The patron showed very little interest in domestic affairs; he lived for his horse races, studying bloodlines, calculating the law of probabilities, and drinking to console himself when he lost his bets. There were times his nose turned the color of an eggplant, and then he would call me to help him get into bed and to hide the empty bottles. The maid wanted nothing to do with anyone, least of all me. Only Elvira paid any attention to me, making me eat, teaching me how to do domestic chores, relieving me of the heaviest tasks. We spent hours talking and telling each other stories. It was about that time that some of her eccentricities began to surface, like her irrational hatred of blond foreigners, and her horror of cockroaches, which she battled with every weapon in reach, from quicklime to broom. On the other hand, she said nothing when she discovered that I was feeding the mice and guarding their babies so the cats could not eat them. She feared a pauper’s death, that her bones would be tossed into a common grave, and to avoid posthumous humiliation she had bought a coffin on credit, which she kept in her room and used as a catchall for odds and ends. It was a box of ordinary wood, smelling of carpenter’s glue, lined in white satin, and trimmed with blue ribbons she had taken from a small pillow. From time to time I was given the privilege of lying inside and closing the lid, while Elvira feigned inconsolable grief and between sobs recited my non-existent virtues: “Oh, Most Heavenly Father, why have You taken my little bird from me? Such a good girl, so clean, so tidy – I love her more than if she was my own granddaughter. Oh, Lord, work one of Your miracles and return her to me.” The game would last until we both burst out laughing, or till the maid lost control and began to howl.
All the days were exactly the same except Thursday, whose approach I calculated on the kitchen calendar. All week I looked forward to the moment we would walk through the garden gate and set off to market. Elvira would help me put on my rubber-soled shoes and my clean dress, and comb my hair into a ponytail; then she would give me a centavo to buy a brilliantly colored round lollipop, almost impervious to the human tooth, that I could lick for hours without noticeably reducing its size. That treat lasted for six or seven nights of intense bliss and many giddy licks between difficult chores. The patrons always took the lead, clutching her handbag: keep your eyes peeled, pay attention, stay right beside me, the place is alive with pick-pockets. She marched through the market briskly, looking, squeezing, bargaining: these prices are a scandal; jail is the only place for moneygrubbers like these. I walked behind the maid with a bag in each hand and my lollipop in my pocket. I used to watch people, trying to guess their lives and secrets, their virtues and adventures. I always returned home with shining eyes and a joyful heart. I would run to the kitchen, and while I helped Elvira put things away I besieged her with stories of enchanted carrots and peppers that turned into princes and princesses when they fell into the pot and jumped out of it with sprigs of parsley tangled in their crowns and broth streaming from their royal garments.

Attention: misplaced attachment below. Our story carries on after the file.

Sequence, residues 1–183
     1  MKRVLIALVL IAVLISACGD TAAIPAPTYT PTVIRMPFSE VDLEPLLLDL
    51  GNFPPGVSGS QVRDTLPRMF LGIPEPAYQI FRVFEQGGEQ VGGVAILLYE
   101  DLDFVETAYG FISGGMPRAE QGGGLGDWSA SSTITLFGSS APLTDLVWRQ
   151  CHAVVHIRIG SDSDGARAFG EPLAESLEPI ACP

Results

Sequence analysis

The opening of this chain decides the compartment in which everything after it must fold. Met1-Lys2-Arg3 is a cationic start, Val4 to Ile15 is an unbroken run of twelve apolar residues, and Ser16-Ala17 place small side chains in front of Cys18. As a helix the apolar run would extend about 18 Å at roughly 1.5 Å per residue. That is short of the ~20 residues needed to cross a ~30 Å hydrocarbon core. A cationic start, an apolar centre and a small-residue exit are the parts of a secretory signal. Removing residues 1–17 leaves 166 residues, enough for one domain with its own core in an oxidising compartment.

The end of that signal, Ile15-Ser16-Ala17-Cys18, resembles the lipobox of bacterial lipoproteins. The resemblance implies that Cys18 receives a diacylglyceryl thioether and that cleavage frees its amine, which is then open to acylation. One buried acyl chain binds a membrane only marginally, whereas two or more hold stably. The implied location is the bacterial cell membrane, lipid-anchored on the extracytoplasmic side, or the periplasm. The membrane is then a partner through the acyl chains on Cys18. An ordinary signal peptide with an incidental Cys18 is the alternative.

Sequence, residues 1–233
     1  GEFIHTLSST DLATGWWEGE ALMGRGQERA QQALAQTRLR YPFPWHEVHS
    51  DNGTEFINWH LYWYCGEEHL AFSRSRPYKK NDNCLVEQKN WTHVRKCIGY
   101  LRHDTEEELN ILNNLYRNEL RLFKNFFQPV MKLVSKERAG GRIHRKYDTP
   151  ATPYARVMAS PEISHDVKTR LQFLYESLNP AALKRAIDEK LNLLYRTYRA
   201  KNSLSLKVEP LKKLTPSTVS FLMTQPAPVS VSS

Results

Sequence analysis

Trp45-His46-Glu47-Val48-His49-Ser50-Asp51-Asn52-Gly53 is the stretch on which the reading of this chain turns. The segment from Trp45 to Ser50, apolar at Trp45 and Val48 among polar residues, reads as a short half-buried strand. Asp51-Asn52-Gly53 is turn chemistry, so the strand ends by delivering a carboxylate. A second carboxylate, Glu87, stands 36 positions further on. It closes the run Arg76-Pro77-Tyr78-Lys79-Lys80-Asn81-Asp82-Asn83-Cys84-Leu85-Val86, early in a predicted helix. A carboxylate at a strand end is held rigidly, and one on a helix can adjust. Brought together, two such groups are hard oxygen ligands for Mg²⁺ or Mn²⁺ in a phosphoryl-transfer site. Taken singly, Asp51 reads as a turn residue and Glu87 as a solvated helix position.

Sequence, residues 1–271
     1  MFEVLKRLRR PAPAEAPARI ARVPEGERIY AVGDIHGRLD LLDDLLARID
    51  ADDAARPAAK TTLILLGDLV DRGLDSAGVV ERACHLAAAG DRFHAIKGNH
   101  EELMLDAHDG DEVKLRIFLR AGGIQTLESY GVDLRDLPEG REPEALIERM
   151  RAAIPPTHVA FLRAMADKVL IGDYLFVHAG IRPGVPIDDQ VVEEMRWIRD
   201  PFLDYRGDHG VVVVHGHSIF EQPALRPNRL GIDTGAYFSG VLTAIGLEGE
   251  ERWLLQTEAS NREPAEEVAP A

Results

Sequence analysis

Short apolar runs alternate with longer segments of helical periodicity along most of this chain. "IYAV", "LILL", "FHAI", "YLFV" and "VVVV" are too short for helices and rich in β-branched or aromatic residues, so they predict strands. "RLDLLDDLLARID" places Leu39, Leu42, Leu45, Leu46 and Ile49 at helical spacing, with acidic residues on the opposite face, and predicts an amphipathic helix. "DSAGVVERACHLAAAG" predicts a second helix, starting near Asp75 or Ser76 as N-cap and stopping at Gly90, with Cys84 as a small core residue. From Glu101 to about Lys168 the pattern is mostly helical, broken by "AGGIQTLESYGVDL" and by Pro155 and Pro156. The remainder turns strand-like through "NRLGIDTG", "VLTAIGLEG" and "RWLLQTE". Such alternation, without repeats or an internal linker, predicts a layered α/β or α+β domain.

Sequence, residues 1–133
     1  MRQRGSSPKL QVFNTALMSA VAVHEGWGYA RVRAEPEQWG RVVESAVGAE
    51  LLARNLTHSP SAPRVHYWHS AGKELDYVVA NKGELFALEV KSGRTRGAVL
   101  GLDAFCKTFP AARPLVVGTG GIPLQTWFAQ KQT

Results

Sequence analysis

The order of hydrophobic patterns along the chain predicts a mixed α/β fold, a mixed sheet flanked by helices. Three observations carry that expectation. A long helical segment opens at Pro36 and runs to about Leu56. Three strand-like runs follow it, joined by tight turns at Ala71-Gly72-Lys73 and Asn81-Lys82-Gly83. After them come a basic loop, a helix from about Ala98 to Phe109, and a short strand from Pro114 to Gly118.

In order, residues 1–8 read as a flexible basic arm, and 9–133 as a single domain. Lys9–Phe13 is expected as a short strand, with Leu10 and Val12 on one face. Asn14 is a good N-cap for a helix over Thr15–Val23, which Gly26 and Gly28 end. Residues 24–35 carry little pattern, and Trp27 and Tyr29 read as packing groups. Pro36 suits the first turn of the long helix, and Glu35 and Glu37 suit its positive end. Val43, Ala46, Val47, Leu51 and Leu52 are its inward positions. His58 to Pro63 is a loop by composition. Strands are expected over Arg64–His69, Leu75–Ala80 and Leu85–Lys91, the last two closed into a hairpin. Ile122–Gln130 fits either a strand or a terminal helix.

“Sh-h-h! The dons is coming. Grab the broom, little bird.”
During the siesta, the hour when quiet reigned in the house, I used to abandon my tasks and go to the dining room. A large painting in a gilded frame hung there, a window open onto a marine horizon: waves, rocks, hazy sky, and sea gulls. I would stand there with my hands behind my back, my eyes fixed on that irresistible seascape, lost in never-ending voyages and sirens and dolphins and manta rays that sometimes leapt from my mother’s fantasies and other times from Professor Jones’s books. Among the countless stories my mother had told me, I always preferred those in which the sea played some part; afterward I would dream of distant islands, vast underwater cities, oceanic highways for fish navigations. We must have a sailor ancestor, my mother said every time I asked for another of those stories, and thus was born the legend of the Dutch grandfather. In the presence of that painting, I recaptured those earlier emotions, either when I stood close enough to hear it speak or when I watched it while I was doing my household chores; each time I could smell a faint odor of sails, lye, and starch.
“What are you doing here!” the patrona would scold if she discovered me. “Don’t you have anything to do? We don’t keep that painting here for your sake.”
From what she said, I believed that paintings wear away, that the color seeps into the eyes of the person beholding them, until gradually they fade and vanish.